The research field of frequency comb spectroscopy, where the frequency comb is used to directly excite or interrogate the sample, has attracted a growing interest in the past five years, mostly for applications to molecular spectroscopy. Dual-comb spectroscopy, that our group has been exploring and perfecting for more than a decade, is emerging as a powerful tool for accurate, fast and sensitive broadband spectroscopy of molecules. Dual-comb spectroscopy is a comb-enabled approach to Fourier transform interferometry without moving parts. In a typical implementation, a frequency comb interrogates the sample and beats on a fast photodiode with a second comb, of slightly different repetition frequency, which acts as a local oscillator. The interference signal is recorded as a function of time and it is Fourier transformed to reveal the spectrum. The photodiode yields a comb of radio-frequency beat notes that can be directly processed by digital electronics. Like common Fourier-transform spectroscopy, dual-comb spectroscopy needs only a single fast photodetector—but it is free from the limitations on recording speed and resolving power imposed by mechanically moving parts. This intriguing instrumental scheme now engages more than fifty research groups and our group collaborates with several of them to share expertise towards the development of new approaches with original comb sources.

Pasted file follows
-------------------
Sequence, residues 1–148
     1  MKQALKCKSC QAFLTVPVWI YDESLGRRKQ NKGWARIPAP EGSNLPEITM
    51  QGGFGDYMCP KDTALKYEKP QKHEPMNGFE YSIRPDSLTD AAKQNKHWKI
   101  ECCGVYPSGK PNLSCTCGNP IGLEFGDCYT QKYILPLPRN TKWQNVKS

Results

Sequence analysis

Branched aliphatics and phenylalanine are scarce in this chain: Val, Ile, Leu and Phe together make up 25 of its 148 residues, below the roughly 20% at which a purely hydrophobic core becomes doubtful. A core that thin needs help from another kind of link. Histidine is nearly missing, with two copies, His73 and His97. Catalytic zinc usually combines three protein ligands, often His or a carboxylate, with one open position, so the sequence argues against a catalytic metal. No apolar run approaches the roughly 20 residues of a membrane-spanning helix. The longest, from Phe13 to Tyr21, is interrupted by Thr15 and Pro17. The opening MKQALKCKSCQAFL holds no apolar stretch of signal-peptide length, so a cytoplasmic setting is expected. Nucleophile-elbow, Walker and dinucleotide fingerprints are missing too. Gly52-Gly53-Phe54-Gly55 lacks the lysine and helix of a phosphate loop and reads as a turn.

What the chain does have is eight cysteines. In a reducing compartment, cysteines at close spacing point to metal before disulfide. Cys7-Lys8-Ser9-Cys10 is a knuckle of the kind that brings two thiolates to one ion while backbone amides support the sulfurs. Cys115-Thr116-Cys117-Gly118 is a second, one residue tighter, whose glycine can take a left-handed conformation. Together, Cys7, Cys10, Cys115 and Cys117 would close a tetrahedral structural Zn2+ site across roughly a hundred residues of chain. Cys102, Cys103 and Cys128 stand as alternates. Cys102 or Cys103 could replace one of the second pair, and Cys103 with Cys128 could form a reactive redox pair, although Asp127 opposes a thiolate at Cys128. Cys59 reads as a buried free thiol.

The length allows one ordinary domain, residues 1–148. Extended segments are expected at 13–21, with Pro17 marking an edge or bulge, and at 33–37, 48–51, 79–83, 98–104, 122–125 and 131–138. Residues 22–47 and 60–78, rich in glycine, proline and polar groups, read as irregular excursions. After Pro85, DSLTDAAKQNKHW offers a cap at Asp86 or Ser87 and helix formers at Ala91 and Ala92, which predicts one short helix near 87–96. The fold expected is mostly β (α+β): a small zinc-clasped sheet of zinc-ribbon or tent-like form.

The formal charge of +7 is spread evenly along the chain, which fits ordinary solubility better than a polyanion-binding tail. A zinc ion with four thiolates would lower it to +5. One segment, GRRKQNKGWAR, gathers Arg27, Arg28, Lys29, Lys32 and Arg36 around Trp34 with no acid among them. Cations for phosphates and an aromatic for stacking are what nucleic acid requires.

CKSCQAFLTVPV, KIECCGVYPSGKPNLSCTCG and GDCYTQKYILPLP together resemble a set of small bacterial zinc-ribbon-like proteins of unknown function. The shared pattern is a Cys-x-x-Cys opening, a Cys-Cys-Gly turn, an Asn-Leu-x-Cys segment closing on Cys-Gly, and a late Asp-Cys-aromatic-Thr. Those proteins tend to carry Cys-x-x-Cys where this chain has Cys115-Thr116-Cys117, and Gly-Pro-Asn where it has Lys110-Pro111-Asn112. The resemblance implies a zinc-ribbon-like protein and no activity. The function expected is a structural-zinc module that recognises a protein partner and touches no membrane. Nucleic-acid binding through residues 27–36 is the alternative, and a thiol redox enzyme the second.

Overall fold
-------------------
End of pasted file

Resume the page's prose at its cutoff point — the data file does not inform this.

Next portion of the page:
Precise dual-comb spectroscopy
Dual-comb spectroscopy has faced several challenges. Beyond the obvious but complex requirement of suitable frequency comb synthesizers in the spectral ranges of interest, such as the mid-infrared region where most molecules have strong vibrational fundamental transitions, the two comb sources also must maintain mutual optical phase coherence during data acquisition. Any relative instability makes it impossible to average the interferograms in the detector signal over time—which is necessary to improve the signal-to-noise ratio and thereby to obtain usable spectra even under light-starved conditions. In practice, the goal of mutual coherence is difficult to reach, especially in the mid-infrared region where the laser systems are still often based on nonlinear frequency conversion and are thus more complex.